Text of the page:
Service Before Self:  The Tale of the Berlin Candy Bomber

Dec 19, 2016 | Categories: Aviation History

Service Before Self:

The Tale of the Berlin Candy Bomber

“Service Before Self,” is a phrase with a variety of interpretations and profound meaning for those who have defined it for themselves. During this time of the year, it conjures images of individuals helping the homeless, donating Christmas trees and gifts for those less fortunate, or volunteering at a food bank. However, for our men and women in the military, Service Before Self has a different though not unrelated meaning. A wonderful example is Gail Halvorsen, a WWII pilot who took on a unique and self-appointed mission.

As a young man, Mr. Halvorsen dreamt of flying. After attending a flight school in Ogden, he obtained his license in 1941. On December 7, 1941 (Pearl Harbor Day,) Gail put Service Before Self and joined the Army Air Corp. He volunteered to train as a fighter pilot with the RAF, but after completing the training, was transitioned to flying transport missions because the Army Air Corp had enough fighter pilots. The transport missions he flew would eventually lead him to his most rewarding experience.

On orders that were supposed to last about 23 days, he and four other transport crews were sent to Germany on a humanitarian mission. Stalin cut off supplies to West Berlin and the people there were starving. Halvorsen’s group was to deliver flour and food supplies to them. On one trip, he saw a group of children at a fence at Templehof Airport watching him. He walked over to speak with them. The children asked him not to give up on them and their freedom. He was touched by their words, but impressed with their strength. They did not beg, they did not cry, they simply wanted to be thought of as human beings and supported as such. He gave them two sticks of Wrigley’s gum and watched as the children smelled it and eventually ripped it apart to share. He decided that these children needed more. They needed hope and…candy.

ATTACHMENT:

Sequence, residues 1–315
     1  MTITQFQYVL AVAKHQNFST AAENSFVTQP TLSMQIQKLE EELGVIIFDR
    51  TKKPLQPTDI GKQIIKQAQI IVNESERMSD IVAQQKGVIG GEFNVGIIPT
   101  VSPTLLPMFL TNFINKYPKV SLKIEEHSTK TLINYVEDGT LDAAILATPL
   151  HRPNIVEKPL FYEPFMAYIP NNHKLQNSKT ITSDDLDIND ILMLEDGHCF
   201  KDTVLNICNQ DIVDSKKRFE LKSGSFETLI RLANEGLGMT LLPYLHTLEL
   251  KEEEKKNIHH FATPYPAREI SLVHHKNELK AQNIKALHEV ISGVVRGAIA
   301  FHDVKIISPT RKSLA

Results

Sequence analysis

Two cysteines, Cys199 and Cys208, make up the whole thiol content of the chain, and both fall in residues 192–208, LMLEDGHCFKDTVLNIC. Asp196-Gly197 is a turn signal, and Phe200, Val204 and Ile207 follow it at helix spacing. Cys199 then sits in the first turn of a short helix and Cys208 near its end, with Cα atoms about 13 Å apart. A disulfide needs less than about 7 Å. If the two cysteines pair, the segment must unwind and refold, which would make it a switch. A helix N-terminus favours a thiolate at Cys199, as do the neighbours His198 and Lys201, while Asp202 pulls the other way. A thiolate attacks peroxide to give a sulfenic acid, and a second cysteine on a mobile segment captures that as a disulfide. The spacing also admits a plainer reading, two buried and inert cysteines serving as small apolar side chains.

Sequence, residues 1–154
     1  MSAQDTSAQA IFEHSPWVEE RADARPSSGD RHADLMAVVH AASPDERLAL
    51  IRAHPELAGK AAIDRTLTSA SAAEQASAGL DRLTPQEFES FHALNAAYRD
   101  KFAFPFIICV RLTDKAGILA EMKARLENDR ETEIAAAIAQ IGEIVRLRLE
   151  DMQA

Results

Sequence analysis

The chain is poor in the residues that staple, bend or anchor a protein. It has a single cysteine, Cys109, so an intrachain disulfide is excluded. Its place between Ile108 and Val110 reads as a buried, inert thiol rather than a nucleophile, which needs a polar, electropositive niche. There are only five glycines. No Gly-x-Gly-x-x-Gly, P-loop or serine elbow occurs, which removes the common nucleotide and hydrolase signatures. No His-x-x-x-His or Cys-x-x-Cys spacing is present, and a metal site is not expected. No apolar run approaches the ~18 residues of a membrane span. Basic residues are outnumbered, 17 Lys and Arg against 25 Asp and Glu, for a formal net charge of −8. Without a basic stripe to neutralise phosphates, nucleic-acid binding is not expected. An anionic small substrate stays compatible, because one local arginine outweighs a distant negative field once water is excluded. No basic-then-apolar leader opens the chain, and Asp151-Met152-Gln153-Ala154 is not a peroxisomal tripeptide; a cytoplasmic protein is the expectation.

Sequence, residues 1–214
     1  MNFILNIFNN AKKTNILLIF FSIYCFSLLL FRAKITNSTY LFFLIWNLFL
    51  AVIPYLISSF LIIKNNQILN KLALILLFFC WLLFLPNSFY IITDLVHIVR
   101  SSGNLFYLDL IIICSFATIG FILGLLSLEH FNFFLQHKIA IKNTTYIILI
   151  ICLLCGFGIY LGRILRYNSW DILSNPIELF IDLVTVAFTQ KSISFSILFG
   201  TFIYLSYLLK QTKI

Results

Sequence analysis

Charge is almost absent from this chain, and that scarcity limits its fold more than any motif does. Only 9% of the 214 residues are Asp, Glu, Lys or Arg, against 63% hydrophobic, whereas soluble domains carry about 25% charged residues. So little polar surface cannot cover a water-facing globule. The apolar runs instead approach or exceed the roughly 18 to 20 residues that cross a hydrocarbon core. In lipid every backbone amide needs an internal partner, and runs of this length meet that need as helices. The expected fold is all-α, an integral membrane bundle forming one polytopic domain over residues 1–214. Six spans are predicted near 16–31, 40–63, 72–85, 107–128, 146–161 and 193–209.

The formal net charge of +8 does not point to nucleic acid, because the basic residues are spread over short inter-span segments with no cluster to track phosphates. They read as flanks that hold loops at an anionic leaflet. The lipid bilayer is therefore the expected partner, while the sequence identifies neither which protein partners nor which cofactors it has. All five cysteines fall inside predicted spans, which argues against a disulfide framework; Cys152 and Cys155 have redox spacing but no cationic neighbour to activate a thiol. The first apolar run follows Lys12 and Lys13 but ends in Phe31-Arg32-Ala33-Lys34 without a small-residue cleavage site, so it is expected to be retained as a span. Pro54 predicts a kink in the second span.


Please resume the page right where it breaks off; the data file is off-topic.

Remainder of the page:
Gail vowed to return the next day and drop them some candy. The children asked how they would know it was him. He would wiggle his wings he said. Realizing the candy could hurt someone if dropped from a plane, he took handkerchiefs and made small parachutes. He returned to the same field the next day. As he passed over the field, he wiggled his wings and heard the children scream with excitement. The small parachutes were dropped and the children devoured the candy. The Berlin Candy Bomber was born. He continued his “candy missions” for three weeks. However, Operations began receiving letters for “Uncle Wiggly Wings.” At the time, no one knew who Uncle Wiggly Wings was and Gail did not wish to be found out so future “missions” were cancelled. Two weeks went by and the group of kids grew significantly. They were waiting patiently for their candy. One more time couldn’t hurt. This time Halvorsen dropped two weeks’ worth of rations. Unfortunately, he was photographed and published in a newspaper. His Colonel called him in and though there could have been trouble, the Colonel encouraged his pilot to continue. Eventually, the project received additional support from candy companies and people were sending handkerchiefs from the States. The Berlin Candy Bomber was a success. His definition of Service Before Self had expanded to include the very individuals he had been fighting against.